Citibank Can't Recoup Millions In Tax, Says South Dakota High Court

Citibank Can’t Recoup Millions In Tax, Says South Dakota High Court

Last Thursday, the South Dakota Supreme Court said that Citibank wouldn’t be able to reclaim $30 million in bank taxes. Citibank overpaid those taxes, but the court said that Citibank didn’t request a refund within the three-year legal window. According to SF Gate, the court said Citibank put in a request outside of the time limit.

The court rejected an argument from Citibank stating that Citibank should have been able to request the refund after the time limit passed because there is a limited exception to the statute of limitations, which is carved out by state rules.

According to Yahoo News, lawmakers and legislative leaders, as well as the governor’s office, talked about what would happen if South Dakota lost the case to Citibank. Sen. Deb Peters, the chairwoman of the Senate Appropriations Committee, said that if the state had to pay Citibank back, then that would have left the state with less money for other things. Some of the examples Peters gave included education and Medicaid.

A spokeswoman for the governor, Dennis Daugaard, released a statement that said they were glad the issue was resolved. The statement also said that Citibank is an important corporate citizen.

The case dates back to 2012, when Citibank put in a claim for a refund of $30 million for state bank taxes that the company paid between 1999 and 2002. In 2012, the Internal Revenue Service reduced Citibank’s taxable income for the earlier period. When that happened, the state bank franchise tax payment was reduced.

When Citibank’s claim was received, South Dakota’s Department of Revenue rejected it, due to it not being filed in time. However, Citibank said that it did file a timely refund request after their books were reviewed by the federal tax agency. Citibank said that was when they found out what the final tax outcome was.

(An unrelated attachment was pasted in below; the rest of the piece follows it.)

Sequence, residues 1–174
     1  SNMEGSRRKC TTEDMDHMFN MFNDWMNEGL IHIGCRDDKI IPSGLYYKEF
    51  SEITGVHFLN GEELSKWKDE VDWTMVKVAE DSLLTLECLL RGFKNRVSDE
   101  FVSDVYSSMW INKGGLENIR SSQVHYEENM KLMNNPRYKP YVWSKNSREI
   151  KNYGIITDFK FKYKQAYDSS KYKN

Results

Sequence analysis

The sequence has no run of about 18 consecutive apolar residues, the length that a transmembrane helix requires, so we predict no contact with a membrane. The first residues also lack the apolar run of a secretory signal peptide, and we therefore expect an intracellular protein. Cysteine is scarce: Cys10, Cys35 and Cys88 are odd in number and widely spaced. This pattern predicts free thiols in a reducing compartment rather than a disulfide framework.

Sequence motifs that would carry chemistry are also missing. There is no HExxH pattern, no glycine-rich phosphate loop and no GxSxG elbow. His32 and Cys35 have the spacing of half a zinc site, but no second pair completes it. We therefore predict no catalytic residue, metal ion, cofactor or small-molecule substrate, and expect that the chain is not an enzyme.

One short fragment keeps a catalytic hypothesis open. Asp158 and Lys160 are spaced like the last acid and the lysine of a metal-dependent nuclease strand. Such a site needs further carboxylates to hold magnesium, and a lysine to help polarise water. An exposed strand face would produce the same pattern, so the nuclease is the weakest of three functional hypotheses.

The financial review often takes longer than three years, but the Department of Revenue told the court that regardless of whether the federal audit was finished or not, Citibank should have still asked for a refund. The court ended up agreeing with the Department of Revenue.

Citibank released a statement after the court made its decision, saying that it accepts the decision. Citibank added that ever since the company came to the state in 1981, it has enjoyed a strong and mutually beneficial relationship.

This isn’t the only thing Citibank has had to deal with, as recently the U.S. federal government ruled that Citibank owes $700 million to its customers. As the Inquisitr previously reported, the ruling, which was made almost two weeks ago, stated that the financial group got customers to sign up for benefits that were misrepresented. The group was accused of using deceptive practices.

Citibank was ordered to reimburse customers, who qualify, who decided to get services such as debt forgiveness and credit monitoring.

[Image by Justin Sullivan/Getty Images]

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